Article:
It's been nine years since my initial visit to the place where all of my stories seem to take place, and i'm looking forward to having a chance to recharge a bit of that inspiration that helped form them. Anime Expo Tokyo is a con where they are attempting to combine the best elements of American and Japanese style conventions into one, and they have invited me as an American guest. Anime Expo Tokyo takes place this January 16-18, 2004 at the Sunshine City Convention center in Ikebukuro, Tokyo, Japan. There are quite a few Japanese guests, from Kikuko Inoue (Beldandy in AMG, etc) to Akamatsu Ken (Love Hina) and many others (a full list is on the website). I know that there are some MT readers in Japan - not as many as here, but it should be fun. One thing they really hope to do is attract fans from outside of Japan, and the con is set up to take care of english speaking fans, and I very much welcome the universality of the fandom that surrounds the things we like. [oops, seems like its too late for the travel packages ^^;; - piro] Its worth checking out if you feel like doing something crazy like, fly to japan on a whim... wait, where have i heard that before...

I've also managed to set up and start to organize the rest of my convention / travel schedule for the year. Don't fret if you can't fly out to Japan to see me at AX Tokyo, Seraphim and I ended up planning to travel as much, if not more, than we did last year. ^^;; Here are some of the conventions that we are confirmed for, so you can plan ahead a little if one is in your area:

- Katsucon - Crystal City, Virginia - Feb 13-15, 2004
- Megacon - Orlando, Florida - March 5-7, 2004
- Sakuracon - Seattle, WA - April 23-25, 2004

There are more, but for now that's what's been confirmed. It's looking like I might be going to Anime Central, Fanime, A-kon, San Diego Comic Con, Otakon, and a few others this year. Ugh. I think i need my head examined...

Quick notes to be added here - be sure to read Seraphim's recent rant where it talks about Operation Comix Releif if you haven't yet - its a good cause.

< Dom >



Monday - November 24, 2003

[Dom] - 12:00:00 - [link here]

So, there I was at halftime in Stanfurd. Our team had coughed up the ball four, maybe five timse in the first half, and we were down 10-0 at the midpoint of the game. Cal fans were quiet, demoralized and grumbling "Why isn't this team consistent?" while Seiya and I were noting to each other "you know, it's a miracle we're only down ten".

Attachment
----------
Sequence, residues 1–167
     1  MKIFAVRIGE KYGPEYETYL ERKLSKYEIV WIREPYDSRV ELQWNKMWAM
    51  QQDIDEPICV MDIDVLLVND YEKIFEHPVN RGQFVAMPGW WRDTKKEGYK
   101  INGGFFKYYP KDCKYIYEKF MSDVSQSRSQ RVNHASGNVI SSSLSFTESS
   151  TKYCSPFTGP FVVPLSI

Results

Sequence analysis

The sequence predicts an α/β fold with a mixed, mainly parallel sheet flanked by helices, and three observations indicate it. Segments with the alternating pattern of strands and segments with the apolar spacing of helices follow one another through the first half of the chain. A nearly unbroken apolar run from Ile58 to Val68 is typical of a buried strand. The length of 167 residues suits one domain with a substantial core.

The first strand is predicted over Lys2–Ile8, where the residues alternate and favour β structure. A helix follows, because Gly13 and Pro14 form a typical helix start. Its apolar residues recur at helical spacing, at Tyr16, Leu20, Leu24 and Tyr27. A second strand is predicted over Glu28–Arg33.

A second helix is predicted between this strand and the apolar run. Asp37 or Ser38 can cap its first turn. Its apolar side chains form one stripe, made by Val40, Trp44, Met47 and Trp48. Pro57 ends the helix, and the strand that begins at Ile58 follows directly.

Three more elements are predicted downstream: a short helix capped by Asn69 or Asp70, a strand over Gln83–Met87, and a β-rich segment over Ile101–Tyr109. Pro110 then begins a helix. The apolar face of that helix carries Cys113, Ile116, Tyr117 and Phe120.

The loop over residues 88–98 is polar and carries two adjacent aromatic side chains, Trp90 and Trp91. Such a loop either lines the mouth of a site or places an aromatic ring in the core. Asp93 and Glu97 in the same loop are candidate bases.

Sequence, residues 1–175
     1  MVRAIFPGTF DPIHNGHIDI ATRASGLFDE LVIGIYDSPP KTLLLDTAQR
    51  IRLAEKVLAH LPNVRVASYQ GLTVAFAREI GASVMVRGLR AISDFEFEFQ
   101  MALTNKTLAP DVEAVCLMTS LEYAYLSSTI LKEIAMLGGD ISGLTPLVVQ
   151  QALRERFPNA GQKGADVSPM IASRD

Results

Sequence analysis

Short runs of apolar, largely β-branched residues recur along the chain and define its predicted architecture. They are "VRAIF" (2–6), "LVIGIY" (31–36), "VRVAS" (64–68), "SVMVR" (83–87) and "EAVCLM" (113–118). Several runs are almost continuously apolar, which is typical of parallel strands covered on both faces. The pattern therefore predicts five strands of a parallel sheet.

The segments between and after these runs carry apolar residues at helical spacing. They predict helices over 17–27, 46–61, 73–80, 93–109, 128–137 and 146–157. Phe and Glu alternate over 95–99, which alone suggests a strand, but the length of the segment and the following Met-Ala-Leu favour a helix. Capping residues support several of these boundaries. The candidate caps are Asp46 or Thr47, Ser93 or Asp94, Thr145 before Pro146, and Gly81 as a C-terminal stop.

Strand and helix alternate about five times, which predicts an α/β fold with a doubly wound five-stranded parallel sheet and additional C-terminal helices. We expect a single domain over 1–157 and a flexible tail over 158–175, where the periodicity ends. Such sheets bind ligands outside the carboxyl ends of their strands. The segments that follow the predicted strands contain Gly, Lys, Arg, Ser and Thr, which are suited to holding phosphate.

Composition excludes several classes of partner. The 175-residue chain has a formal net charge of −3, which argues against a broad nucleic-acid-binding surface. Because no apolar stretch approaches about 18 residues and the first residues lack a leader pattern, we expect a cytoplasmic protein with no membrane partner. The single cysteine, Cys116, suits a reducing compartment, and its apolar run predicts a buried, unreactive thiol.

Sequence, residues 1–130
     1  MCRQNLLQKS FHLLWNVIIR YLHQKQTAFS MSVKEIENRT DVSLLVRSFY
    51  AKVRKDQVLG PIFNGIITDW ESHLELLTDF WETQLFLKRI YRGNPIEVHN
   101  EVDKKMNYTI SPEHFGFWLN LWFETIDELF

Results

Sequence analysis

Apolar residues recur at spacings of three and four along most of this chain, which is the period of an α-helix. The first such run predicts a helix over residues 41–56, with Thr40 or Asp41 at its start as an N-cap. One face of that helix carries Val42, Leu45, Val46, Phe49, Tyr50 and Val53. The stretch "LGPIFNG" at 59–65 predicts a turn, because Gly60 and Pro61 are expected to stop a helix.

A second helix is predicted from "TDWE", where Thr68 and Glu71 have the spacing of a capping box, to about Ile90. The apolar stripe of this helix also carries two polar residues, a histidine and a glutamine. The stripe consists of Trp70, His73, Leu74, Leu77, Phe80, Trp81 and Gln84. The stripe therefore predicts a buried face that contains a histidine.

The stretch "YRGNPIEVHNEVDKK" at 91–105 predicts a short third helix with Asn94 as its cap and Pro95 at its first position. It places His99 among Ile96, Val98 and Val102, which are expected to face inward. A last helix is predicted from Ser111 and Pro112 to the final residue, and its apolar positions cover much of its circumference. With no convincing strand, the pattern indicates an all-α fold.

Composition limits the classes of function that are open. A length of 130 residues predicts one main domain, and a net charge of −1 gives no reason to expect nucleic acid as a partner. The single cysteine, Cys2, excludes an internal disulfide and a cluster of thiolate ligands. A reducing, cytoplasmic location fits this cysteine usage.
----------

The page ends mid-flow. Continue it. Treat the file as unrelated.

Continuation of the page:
As Jon Wilner of the San Jose Mercury News put it, "What happened, in a manner of speaking, was this: Cal loaded the Axe onto a cart, hauled it to the front door of the Stanfurd athletic department and pleaded with the Cardinal to take it." (I know there's more to this quotation, but that's the first half for you)

And so, with no solace in sight, I turned to the last resort of the educated sports fan--purest superstition.

See, I have this theory that I came up with back around 1999, when Pac Bell Park first opened. The more sugar I consume while my team is on offense, the more likely it is for the team to score. If I eat it in one bite, the score will be bigger/better than if I just snarfed it down. I think a few friends have pictures of me with entire bags of cotton candy in my mouth, and dingblast it, it seems to work.

And so, I armed myself with some of Seiya's leftover Halloween candy, and snarfed down 3 rolls of Smarties in about 4 seconds after the Golden Bears had the ball. They scored a touchdown, of course.

Amusingly, I talked to a number of other Cal grads and students, and many of them regaled me with their tales of how their specific superstition helped the Bears win the Big Game. Some people were forced to eat fried chicken in exchange for the touchdowns. Others were good luck charms; as soon as they arrived at the party, the Bears scored. I can probably ask 6 people and find at least 2 who think their superstition helped the Bears win.

What is it about sports that causes some of the most educated people I know revert to 14th century villagers with virgins on white horses riding in the cemetery? I suppose there's some need to think that you're important to the outcome of the game, especially for those watching on TV who can't try and yell loud enough to make sure the team on the field can't audible, or who can't show their support in person and provide some much-needed morale to the players.

But boy, is it funny to talk about afterwards. Good luck charms, pre-game rituals, odd habits, they're all part of why I love sports. What else, other than sex or politics, can get large groups of people together and turn their brains right off in an amusing manner?

That said, it's time to watch the NCAA Basketball season. Go Bears!